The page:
Nasty Rhetoric

Digging up a draft because this debate doesn’t seem to have let up:

Michelle Malkin has found some incredibly nasty rhetoric produced by Democrats (warning: it’s almost all offensive, and there’s sometimes a gross-out factor).  There’s no doubt that it needs condemned, and if you think it’s a good model for political discourse, you need your head examined.  But these people aren’t important: they’re justly marginalized in American liberal discourse.  Or if they are important, they’re rapidly shown the door when they engage in this kind of thing, like Jill Greenberg.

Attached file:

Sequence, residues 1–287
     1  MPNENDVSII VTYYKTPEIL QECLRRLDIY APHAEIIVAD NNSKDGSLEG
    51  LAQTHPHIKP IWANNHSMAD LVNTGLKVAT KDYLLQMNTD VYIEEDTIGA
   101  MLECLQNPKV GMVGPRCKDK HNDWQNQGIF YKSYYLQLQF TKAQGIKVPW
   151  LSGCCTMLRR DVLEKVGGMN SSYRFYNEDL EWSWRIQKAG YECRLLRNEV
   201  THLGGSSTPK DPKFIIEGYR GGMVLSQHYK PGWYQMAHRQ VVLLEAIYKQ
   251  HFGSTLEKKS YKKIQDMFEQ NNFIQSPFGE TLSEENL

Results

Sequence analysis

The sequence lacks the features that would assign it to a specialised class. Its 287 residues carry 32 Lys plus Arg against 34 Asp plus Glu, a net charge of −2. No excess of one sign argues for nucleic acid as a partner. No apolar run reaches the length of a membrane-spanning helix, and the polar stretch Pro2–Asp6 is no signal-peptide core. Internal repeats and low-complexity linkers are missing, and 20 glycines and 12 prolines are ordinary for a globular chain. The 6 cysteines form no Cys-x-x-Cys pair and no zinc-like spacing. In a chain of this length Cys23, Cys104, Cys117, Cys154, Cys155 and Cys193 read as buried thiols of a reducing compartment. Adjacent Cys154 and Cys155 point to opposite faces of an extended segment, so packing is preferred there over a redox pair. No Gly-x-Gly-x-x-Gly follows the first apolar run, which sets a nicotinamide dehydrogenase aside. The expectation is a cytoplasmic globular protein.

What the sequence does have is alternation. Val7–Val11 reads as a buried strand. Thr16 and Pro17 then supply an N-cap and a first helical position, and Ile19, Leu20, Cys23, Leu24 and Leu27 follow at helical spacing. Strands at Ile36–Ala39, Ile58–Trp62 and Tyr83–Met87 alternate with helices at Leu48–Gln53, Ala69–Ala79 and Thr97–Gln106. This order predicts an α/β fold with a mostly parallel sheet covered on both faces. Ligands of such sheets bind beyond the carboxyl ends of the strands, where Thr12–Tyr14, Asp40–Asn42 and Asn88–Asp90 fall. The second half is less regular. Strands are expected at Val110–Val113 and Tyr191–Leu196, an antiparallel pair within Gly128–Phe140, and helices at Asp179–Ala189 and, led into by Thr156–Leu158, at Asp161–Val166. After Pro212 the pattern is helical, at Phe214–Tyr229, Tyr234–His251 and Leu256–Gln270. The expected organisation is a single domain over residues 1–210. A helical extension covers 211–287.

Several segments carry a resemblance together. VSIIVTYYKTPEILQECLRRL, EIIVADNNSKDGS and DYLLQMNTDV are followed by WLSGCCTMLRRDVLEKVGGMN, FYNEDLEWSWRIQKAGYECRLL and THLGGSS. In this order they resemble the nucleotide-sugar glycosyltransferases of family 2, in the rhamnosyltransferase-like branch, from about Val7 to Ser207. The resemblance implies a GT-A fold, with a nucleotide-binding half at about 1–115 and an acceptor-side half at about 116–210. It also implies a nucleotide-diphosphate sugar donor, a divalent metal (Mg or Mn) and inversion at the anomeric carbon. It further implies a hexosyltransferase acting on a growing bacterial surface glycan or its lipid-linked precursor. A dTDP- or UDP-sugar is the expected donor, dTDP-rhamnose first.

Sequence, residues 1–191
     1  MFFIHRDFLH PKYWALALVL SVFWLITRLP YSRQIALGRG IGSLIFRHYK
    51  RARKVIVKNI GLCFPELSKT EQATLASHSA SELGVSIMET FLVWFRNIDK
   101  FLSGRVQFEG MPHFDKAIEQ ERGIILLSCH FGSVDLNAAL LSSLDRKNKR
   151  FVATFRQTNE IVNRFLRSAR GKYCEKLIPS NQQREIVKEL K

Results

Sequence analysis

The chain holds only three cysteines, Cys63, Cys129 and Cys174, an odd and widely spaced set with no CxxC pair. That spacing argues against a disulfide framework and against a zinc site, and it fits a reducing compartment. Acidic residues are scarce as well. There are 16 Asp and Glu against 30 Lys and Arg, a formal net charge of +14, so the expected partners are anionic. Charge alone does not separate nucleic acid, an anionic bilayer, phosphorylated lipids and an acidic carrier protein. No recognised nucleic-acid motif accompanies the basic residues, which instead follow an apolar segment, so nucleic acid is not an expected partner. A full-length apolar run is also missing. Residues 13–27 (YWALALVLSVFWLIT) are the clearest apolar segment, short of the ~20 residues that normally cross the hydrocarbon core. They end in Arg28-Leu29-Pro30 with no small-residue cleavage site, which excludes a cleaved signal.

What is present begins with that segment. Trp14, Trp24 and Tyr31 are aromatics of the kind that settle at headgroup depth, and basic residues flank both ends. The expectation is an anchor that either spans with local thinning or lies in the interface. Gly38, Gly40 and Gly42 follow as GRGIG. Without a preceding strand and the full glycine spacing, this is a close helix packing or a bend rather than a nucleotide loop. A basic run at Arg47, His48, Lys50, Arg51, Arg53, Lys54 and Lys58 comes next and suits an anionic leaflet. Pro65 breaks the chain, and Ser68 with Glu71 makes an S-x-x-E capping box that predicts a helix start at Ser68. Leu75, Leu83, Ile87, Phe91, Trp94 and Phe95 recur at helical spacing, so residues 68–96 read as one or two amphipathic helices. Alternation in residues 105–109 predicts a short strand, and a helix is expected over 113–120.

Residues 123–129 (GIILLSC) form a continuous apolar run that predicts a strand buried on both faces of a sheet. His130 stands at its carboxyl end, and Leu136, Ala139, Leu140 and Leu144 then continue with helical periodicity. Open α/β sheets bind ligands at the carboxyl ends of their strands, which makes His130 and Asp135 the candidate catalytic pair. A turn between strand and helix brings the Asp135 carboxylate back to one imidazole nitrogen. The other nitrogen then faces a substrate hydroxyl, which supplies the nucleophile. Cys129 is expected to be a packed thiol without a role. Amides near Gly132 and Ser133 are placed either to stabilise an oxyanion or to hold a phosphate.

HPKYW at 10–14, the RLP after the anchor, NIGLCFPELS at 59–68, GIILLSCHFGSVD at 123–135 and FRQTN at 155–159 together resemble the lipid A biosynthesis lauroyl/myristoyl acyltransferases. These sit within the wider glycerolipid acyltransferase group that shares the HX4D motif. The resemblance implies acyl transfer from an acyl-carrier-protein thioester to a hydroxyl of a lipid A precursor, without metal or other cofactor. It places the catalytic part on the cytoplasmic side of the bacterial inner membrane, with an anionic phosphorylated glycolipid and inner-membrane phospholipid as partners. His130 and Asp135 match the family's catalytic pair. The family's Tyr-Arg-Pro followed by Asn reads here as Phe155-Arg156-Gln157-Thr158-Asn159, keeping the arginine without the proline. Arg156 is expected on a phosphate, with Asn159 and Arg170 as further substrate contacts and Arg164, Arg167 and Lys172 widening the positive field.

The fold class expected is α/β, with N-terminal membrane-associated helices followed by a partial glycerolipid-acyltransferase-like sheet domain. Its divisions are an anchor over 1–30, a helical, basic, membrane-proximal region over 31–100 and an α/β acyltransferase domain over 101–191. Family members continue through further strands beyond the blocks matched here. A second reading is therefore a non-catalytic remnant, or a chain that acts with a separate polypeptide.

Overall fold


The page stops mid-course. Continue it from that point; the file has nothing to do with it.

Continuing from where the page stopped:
If you want to find an influential Democratic asshole, my bet would be on Michael Moore.  Parts of Fahrenheit 911 really did seem like they were written by a paranoid nutcase.  The only problem is that I’m not sure if Michael Moore is still alive–I saw Fahrenheit 9/11in 2004, and that was the last time I remember hearing about him. Subsequently, I think his brand of left politics simply died. It’s hard to put my finger on exactly what typified that brand of politics–Moore’s own style was to shoot from the hip.  You still do hear it from time to time, but the dominant mood of Democrats and progressives is now practical, optimistic, and energetic. Moore’s approach was fundamentally suited for a party that saw itself as losing.  Reflection on the pathologies of the Democratic party circa 2004 might be a good thing for Republicans as they go into their forty days in the wilderness (and let us hope that it lasts longer than that!)

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